How to Make Tokens for Any Game System

It is hard to match the coolness of gaming with 3D miniatures and terrain, but miniatures can get expensive. A cheaper alternative to miniatures is 2d tokens. Tokens have two major advantages over miniatures: they are much much cheaper, and you can create a token to accurately match any creature in your game regardless of system or genre.  Best of all, tokens are very simple to make.

Materials List

Time and patience (seriously)                    Circular paper punch

Photo paper                                                       Chipboard

Glue stick                                                            Wax paper

Digital images

Step one

Select the images that you want to make tokens of. You can find anything you need by simply running a Google image search. I take my images directly from Wizards of the Coast. You have to search around (or click this link), to find them, but all the art from all the 3.0/3.5 books can be found free of charge. (That is one problem I have with 4th edition, most of the art galleries require a DDI subscription)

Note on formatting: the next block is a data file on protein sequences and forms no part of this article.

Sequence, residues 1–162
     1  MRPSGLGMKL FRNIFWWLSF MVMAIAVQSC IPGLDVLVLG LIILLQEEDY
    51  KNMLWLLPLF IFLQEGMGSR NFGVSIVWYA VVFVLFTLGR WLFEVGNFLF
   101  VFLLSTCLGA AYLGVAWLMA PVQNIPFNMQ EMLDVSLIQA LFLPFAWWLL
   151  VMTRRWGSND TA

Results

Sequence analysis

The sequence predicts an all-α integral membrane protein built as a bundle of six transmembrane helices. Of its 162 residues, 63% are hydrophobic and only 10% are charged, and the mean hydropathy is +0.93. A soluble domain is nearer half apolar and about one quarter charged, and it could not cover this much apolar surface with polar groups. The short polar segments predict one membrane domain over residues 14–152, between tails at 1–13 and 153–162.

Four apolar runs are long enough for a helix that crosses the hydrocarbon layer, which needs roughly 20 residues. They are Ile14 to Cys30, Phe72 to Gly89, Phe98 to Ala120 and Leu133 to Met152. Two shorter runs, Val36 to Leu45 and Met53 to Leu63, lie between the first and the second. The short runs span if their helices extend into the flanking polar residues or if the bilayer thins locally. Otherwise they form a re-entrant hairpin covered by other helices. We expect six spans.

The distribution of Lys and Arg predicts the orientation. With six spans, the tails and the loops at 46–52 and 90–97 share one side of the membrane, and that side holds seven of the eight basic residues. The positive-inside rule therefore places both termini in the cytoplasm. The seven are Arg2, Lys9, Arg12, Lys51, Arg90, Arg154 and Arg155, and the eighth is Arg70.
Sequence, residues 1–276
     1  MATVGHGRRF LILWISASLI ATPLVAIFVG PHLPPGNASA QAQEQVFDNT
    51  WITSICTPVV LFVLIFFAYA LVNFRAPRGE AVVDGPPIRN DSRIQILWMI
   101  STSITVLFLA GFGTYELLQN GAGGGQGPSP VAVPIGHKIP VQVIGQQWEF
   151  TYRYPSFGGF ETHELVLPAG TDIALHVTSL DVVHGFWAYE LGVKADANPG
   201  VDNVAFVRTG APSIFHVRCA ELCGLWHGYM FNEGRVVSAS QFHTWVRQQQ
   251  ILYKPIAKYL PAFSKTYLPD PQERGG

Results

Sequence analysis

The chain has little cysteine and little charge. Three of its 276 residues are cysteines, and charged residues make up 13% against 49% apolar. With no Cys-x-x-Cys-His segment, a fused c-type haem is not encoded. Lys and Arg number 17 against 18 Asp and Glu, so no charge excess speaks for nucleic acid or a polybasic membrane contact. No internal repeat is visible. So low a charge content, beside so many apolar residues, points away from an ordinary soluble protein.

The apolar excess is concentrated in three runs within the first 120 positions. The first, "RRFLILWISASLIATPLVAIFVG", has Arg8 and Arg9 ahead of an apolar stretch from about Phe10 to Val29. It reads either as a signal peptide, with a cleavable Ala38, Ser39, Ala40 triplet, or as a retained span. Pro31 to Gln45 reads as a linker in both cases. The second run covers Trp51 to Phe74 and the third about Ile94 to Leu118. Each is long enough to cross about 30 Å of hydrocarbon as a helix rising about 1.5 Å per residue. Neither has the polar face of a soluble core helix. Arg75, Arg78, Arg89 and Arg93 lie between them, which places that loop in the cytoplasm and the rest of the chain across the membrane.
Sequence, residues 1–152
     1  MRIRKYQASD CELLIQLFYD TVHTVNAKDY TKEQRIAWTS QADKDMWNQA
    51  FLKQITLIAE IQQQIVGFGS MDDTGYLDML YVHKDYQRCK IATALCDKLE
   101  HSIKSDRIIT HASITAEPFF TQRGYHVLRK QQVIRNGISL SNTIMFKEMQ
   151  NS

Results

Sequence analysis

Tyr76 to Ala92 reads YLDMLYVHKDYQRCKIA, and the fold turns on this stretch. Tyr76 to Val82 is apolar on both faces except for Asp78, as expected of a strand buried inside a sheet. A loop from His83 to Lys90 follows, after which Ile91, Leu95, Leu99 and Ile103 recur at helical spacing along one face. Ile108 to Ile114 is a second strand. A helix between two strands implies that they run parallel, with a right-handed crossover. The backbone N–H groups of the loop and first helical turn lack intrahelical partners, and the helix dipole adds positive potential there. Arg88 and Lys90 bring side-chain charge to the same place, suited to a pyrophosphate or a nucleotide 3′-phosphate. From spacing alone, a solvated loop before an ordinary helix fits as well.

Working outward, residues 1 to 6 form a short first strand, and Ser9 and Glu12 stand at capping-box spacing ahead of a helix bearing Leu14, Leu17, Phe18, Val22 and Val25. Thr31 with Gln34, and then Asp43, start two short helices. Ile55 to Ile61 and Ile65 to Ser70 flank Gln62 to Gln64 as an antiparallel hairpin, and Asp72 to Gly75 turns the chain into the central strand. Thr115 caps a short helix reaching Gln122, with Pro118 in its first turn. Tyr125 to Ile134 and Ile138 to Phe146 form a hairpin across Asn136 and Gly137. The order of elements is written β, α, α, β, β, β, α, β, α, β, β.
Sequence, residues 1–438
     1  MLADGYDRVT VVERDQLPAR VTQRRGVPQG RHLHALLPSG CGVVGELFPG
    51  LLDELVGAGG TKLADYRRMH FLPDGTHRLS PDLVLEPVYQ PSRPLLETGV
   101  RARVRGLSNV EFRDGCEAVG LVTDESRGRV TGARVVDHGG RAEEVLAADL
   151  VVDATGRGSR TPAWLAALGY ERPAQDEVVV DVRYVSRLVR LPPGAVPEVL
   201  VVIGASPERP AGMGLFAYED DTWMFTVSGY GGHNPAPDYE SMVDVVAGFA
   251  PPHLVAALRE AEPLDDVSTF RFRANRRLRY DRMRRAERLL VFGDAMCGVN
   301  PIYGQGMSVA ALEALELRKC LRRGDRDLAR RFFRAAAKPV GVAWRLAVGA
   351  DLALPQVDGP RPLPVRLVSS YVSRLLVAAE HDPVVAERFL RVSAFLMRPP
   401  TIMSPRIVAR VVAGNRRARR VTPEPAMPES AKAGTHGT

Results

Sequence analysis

For player characters and NPCs, use Wizard’s PC Portrait archive. This is a virtual treasure trove of original pc artwork done by some of the best in the gaming industry.

Step two

Once you have the images that you want, paste them into a Word or Publisher document. I have seen other sites mention fancy token making software and Photoshop programs, but you don’t need any of those. Simply paste your images onto a MS Word document placing them in even lines. By double clicking the image on the page, you can adjust its size, color, etc.

For some large pictures, you may want to crop the portion that you intend to use. Again, you don’t need fancy software, your computer’s Paint program will work just fine. Make sure the image is larger than the token. For example, a tiny, small, or medium token will be a one-inch circle, so make you image 1.25 – 1.5 inches to ensure you don’t lose any part of the image when you cut it.

Also, don’t bother trying to make a fancy border around your picture, they are hard to cut out and take up valuable space.

Step three

Once you have your images arranged on a Word document, you’re ready to print them out. Use a high-grade photo paper. It costs more, but the added quality is worth the cost.

Learn from my mistakes. In the past I have tried several different paper types, sticker paper (don’t cut cleanly, and the image is grainy), various cardstocks (any images will be low quality) to name a few, photo paper is your best bet.

Step four

Once your images are printed out, you’re ready to cut. (Note: the printer ink will likely still be wet on your photo paper, so be careful and allow it an hour to dry before messing with it)